On first down, second-and-medium, and third-and-short, Missouri's had a decent offense this year -- not great, not terrible, right there in the middle of the pack. Missouri runs efficiently but almost never breaks big run plays, and the passing game is explosive but inefficient. Mediocre in every way. And it almost mirrors Kentucky's defense. The only difference is that Kentucky is inefficient against the run (good for Mizzou!) and efficient against the pass (not particularly good for Mizzou!).

Missouri committed to the run last week, handing or throwing short to Marcus Murphy and Russell Hansbrough 38 times in 69 snaps. I would assume we'll see more of the same here.

Targets & Catches
Bud Sasser: 38 targets, 29 catches (76%), 337 yards (8.9), 4 TD
Jimmie Hunt: 19 targets, 13 catches (68%), 179 yards (9.4), 4 TD
Darius White: 18 targets, 9 catches (50%), 135 yards (7.5), 2 TD
Marcus Murphy: 14 targets, 10 catches (71%), 77 yards (5.5)
Sean Culkin (TE): 13 targets, 5 catches (39%), 36 yards (2.8), 1 TD
Wesley Leftwich: 6 targets, 2 catches (33%), 31 yards (5.2)

(White is listed as questionable, not out, but I'm crossing him off just the same. Betting on him not playing has been pretty successful recently.)

This should be a pretty run-heavy attack, but I am still curious about a couple of aspects of the pass. First, does Sasser's great second-half play against Vandy lead to Mauk trusting him a bit more and throwing some more balls his way (whether he's particularly open or not)? And assuming White is indeed out again, do we see more than a couple of targets for the emerging (in practice) Nate Brown? Standard downs are when you want to get younger, newer guys more involved.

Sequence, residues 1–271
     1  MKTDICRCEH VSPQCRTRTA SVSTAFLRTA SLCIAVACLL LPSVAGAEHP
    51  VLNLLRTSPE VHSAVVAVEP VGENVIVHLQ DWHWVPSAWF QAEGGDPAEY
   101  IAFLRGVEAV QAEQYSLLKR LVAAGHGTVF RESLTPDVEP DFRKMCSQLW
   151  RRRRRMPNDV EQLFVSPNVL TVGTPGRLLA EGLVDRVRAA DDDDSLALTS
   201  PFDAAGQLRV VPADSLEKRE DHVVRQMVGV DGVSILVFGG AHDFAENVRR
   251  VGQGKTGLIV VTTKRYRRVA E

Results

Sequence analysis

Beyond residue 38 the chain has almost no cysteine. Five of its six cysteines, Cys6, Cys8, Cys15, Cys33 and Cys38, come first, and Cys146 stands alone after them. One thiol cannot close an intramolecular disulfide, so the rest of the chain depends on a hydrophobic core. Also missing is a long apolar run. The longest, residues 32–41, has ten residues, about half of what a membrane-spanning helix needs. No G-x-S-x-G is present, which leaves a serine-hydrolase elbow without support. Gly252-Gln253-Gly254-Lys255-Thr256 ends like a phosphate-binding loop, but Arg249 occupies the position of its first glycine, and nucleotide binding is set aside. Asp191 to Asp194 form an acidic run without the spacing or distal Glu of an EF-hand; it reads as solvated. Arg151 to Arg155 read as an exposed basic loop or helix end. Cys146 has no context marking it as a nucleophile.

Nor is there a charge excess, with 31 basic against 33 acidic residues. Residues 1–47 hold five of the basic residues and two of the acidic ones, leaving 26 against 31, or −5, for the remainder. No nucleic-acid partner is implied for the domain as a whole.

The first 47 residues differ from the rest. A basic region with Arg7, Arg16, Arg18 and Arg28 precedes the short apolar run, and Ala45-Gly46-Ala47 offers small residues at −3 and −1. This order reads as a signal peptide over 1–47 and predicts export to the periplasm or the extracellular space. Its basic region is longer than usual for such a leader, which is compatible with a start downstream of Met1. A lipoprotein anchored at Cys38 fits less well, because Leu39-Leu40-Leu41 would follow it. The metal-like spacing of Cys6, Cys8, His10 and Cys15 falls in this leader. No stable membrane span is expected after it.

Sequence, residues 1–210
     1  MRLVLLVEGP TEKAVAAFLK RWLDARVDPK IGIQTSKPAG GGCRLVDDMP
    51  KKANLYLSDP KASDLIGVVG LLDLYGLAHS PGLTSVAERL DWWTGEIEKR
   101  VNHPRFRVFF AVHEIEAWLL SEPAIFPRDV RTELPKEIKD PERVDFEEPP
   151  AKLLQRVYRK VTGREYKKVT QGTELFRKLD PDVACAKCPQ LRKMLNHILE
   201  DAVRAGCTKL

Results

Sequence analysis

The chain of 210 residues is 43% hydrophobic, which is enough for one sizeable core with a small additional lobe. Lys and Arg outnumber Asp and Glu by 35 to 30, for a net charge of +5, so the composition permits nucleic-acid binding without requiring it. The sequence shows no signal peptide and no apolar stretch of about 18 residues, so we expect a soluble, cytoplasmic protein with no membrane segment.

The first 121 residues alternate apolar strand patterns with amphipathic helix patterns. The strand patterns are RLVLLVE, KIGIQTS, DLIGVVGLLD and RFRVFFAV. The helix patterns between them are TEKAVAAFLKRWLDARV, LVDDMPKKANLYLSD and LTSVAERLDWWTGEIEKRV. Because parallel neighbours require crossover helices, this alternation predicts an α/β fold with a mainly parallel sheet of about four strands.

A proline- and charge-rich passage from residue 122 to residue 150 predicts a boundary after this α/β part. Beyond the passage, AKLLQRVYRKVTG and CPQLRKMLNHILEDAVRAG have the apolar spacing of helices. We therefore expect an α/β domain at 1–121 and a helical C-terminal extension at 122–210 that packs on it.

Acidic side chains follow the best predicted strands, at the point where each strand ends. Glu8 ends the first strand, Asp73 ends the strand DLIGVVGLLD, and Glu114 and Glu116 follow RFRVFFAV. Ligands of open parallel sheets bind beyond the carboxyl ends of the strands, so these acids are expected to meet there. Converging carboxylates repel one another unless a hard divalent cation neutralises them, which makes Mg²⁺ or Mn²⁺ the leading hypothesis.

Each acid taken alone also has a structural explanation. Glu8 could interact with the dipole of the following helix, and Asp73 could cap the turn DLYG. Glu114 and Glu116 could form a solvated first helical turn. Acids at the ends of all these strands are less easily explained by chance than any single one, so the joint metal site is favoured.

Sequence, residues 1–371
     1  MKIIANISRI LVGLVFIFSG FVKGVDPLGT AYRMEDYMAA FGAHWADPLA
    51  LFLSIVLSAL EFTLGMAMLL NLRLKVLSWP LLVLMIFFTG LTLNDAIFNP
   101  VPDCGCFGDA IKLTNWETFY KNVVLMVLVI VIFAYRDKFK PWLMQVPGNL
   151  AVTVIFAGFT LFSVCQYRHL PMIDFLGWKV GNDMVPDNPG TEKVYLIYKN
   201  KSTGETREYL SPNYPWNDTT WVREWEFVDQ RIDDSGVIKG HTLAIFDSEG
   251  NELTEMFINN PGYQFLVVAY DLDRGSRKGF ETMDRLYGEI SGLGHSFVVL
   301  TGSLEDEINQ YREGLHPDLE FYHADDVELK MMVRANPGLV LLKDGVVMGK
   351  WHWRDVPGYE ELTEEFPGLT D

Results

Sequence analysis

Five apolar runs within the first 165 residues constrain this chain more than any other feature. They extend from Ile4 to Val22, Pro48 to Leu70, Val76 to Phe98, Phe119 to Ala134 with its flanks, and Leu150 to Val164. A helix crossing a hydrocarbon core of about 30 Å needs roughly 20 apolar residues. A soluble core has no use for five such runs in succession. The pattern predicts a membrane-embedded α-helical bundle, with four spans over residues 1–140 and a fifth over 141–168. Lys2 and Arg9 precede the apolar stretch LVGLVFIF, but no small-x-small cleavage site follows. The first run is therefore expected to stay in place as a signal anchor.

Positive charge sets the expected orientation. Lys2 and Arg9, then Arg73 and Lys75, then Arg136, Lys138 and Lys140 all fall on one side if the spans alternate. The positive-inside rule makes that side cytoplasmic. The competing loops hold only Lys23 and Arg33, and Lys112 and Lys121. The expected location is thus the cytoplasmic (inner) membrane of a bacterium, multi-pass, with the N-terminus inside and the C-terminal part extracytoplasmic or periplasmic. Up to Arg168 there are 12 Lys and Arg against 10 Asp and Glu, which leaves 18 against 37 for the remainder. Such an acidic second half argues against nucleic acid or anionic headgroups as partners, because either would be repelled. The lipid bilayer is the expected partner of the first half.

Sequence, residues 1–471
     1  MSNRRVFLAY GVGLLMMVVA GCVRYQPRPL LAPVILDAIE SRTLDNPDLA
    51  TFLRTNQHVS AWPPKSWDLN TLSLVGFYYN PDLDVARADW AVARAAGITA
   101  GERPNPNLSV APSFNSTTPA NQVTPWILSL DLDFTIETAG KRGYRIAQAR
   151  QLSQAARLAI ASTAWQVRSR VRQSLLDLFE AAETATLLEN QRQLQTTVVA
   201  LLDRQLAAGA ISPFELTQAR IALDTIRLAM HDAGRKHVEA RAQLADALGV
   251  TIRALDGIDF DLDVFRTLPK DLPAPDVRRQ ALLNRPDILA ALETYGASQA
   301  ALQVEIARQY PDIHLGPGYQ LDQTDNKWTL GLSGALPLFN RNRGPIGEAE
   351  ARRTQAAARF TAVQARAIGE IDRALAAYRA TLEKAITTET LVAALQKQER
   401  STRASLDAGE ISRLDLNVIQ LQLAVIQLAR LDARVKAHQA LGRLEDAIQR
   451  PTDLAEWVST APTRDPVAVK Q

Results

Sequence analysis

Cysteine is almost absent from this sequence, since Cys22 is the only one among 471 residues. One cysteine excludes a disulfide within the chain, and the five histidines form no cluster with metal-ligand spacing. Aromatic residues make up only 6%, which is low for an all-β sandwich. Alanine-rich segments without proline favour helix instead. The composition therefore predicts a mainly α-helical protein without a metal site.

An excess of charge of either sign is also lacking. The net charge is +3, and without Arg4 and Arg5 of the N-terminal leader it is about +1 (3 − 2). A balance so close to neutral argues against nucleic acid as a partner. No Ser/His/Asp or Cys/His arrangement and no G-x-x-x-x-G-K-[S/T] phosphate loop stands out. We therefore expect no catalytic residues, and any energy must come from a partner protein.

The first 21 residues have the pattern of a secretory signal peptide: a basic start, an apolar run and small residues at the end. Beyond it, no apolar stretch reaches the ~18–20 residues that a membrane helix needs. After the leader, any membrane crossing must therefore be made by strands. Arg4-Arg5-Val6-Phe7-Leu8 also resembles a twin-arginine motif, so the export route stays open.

Passing Downs
MU Offense UK Defense Advantage
PD % Run 31.4% (67th)

S&P+ 87.4 (100th) 102.1 (69th) UK
Success Rate 31.4% (58th) 28.8% (56th) push
IsoPPP 1.04 (91st) 0.99 (28th) UK big
Rushing Success Rate 34.9% (27th) 21.3% (27th) push
Rushing IsoPPP 0.85 (98th) 1.21 (90th) push
Passing Success Rate 29.8% (84th) 32.6% (74th) push
Passing IsoPPP 1.15 (70th) 0.92 (19th) UK big

Targets & Catches
Bud Sasser: 20 targets, 11 catches (55%), 208 yards (10.4), 2 TD
Jimmie Hunt: 15 targets, 7 catches (47%), 85 yards (5.7), 1 TD
Darius White: 10 targets, 8 catches (80%), 104 yards (10.4), 1 TD
Marcus Murphy: 9 targets, 4 catches (44%), 42 yards (4.7), 1 TD
Sean Culkin (TE): 9 targets, 3 catches (33%), 53 yards (5.9)
Russell Hansbrough (RB): 6 targets, 2 catches (33%), -10 yards (-1.7)

Every time I see Mizzou's numbers, I think back to the first three weeks of the season, when standard downs were a bit of an issue, but Mauk and his receivers were big-time improvisers and passing downs play-makers. That changed when defensive coordinators figured out some tendencies (and White got hurt), but rarely do success and identity take this much of a turn in the period of a few games.